Staff Editorial: School closure necessary to protect community


Maggie Klaers

Art by Maggie Klaers. According to the Echo, St. Louis Park Public Schools will remain closed from March 17 to April 6 in order to stem the spread of the COVID-19 Pandemic. As of 4:15 p.m. March 15, there are 35 cases in Minnesota, 2,815 cases in the United States and 156,800 infected worldwide with 5,762 dead, according to The New York Times.

This op-ed is updated as of 4:20 p.m. March 15.

In the face of the COVID-19 pandemic, St. Louis Park Public Schools plan to close for nearly three weeks from March 17 to April 6, according to a phone blast sent out March 15. Although this decision should’ve been made sooner, the Echo Editorial Board applauds the district for acting with an abundance of caution when it comes to the pandemic.

In just a few days, the number of cases in Minnesota has increased from 21 to 35including at least one in St. Louis Park — warranting the district’s decision to close. However, it is disappointing that schools were not closed sooner considering COVID-19 symptoms can take anywhere from two to 14 days to show up meaning students and staff may already have been exposed.

Although school may be closed, St. Louis Park Public Schools have announced it will pursue distance learning over the 9-day shutdown. It is incredibly important that this online-learning is done well, as otherwise students risk falling behind in their classes or forgetting what they have already learned. Although we may have to put a pause on coming to school, we cannot do the same for our education.

The Editorial Board encourages the district to create a guide for teachers and departments in order to streamline the distance learning process. If every teacher approaches their class differently, students will be left scrambling to understand what is expected of them.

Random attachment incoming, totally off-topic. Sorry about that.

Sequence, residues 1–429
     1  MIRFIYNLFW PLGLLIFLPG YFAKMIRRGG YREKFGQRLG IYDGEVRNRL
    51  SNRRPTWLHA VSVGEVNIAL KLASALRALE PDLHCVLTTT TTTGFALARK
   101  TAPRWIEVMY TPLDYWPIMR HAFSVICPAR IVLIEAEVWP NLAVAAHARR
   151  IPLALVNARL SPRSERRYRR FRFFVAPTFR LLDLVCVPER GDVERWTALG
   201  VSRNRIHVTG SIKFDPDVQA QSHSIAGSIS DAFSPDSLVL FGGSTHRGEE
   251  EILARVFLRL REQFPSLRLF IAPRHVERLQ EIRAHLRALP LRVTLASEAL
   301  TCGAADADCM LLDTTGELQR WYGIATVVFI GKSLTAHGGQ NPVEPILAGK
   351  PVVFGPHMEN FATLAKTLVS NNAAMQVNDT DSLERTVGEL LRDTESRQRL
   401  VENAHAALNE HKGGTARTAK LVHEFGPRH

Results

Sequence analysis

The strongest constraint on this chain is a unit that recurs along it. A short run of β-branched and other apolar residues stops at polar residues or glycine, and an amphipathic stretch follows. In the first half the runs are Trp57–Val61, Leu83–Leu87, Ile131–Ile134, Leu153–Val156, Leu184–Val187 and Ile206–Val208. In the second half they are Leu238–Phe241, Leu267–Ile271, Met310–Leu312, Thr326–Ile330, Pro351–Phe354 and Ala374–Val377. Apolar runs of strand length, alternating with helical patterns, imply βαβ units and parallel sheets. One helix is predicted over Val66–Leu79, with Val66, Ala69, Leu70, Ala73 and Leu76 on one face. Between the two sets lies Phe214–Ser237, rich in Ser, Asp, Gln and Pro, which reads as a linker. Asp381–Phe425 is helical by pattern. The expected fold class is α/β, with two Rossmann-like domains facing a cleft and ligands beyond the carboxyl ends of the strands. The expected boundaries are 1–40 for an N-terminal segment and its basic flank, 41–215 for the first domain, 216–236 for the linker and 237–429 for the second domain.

At the same time, teachers must be considerate of what students are going through. Although the pandemic hasn’t majorly affected St. Louis Park yet, the number of cases and eventual deaths are expected to rise substantially across the U.S. For this reason, teachers should do their best not to overload students with work.

As for students, we shouldn’t view our time off as just another break. Even if COVID-19 isn’t especially harmful for people our age, there are still lives on the line. If we ignore health officials’ recommendations of social distancing and isolation, we risk spreading the disease throughout our community, killing the elderly and those with pre-existing conditions.

Students should utilize their time off to relax as best they can, catch up and stay on top of school work and avoid physically interacting with others as much as possible.

For the safety of our community, of our parents and of our grandparents, we must do our part to stop the spread of COVID-19.